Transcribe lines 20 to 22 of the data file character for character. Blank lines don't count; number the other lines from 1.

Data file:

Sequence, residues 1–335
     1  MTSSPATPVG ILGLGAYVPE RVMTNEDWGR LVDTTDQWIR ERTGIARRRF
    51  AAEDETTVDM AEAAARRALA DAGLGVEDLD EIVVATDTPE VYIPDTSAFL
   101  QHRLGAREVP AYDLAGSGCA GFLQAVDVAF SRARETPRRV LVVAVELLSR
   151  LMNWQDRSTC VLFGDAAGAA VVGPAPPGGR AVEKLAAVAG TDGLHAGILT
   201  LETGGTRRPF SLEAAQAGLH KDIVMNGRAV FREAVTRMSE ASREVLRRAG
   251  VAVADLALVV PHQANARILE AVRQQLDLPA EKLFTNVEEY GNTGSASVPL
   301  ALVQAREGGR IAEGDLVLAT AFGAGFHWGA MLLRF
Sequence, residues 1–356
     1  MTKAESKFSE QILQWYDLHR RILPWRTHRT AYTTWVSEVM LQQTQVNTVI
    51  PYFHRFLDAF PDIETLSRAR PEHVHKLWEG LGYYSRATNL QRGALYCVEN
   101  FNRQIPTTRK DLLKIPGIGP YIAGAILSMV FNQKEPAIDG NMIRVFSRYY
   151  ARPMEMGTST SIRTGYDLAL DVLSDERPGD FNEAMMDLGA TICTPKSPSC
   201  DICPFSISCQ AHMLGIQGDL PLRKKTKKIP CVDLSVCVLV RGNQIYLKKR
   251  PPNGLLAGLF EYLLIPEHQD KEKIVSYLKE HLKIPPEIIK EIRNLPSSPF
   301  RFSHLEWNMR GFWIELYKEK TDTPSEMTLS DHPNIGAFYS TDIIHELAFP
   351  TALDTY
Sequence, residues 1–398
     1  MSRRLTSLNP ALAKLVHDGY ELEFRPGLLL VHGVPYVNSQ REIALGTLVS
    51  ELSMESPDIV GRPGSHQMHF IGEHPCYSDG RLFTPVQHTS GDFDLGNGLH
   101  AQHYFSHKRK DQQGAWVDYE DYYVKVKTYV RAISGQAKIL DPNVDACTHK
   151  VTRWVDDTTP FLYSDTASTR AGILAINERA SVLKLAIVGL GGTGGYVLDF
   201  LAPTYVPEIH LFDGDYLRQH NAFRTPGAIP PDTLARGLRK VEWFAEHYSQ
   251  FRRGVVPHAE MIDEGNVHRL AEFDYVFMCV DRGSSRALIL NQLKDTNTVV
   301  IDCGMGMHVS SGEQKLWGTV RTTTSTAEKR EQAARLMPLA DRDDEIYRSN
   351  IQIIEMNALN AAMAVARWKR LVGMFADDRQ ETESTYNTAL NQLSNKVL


    51  ELSMESPDIV GRPGSHQMHF IGEHPCYSDG RLFTPVQHTS GDFDLGNGLH
   101  AQHYFSHKRK DQQGAWVDYE DYYVKVKTYV RAISGQAKIL DPNVDACTHK
   151  VTRWVDDTTP FLYSDTASTR AGILAINERA SVLKLAIVGL GGTGGYVLDF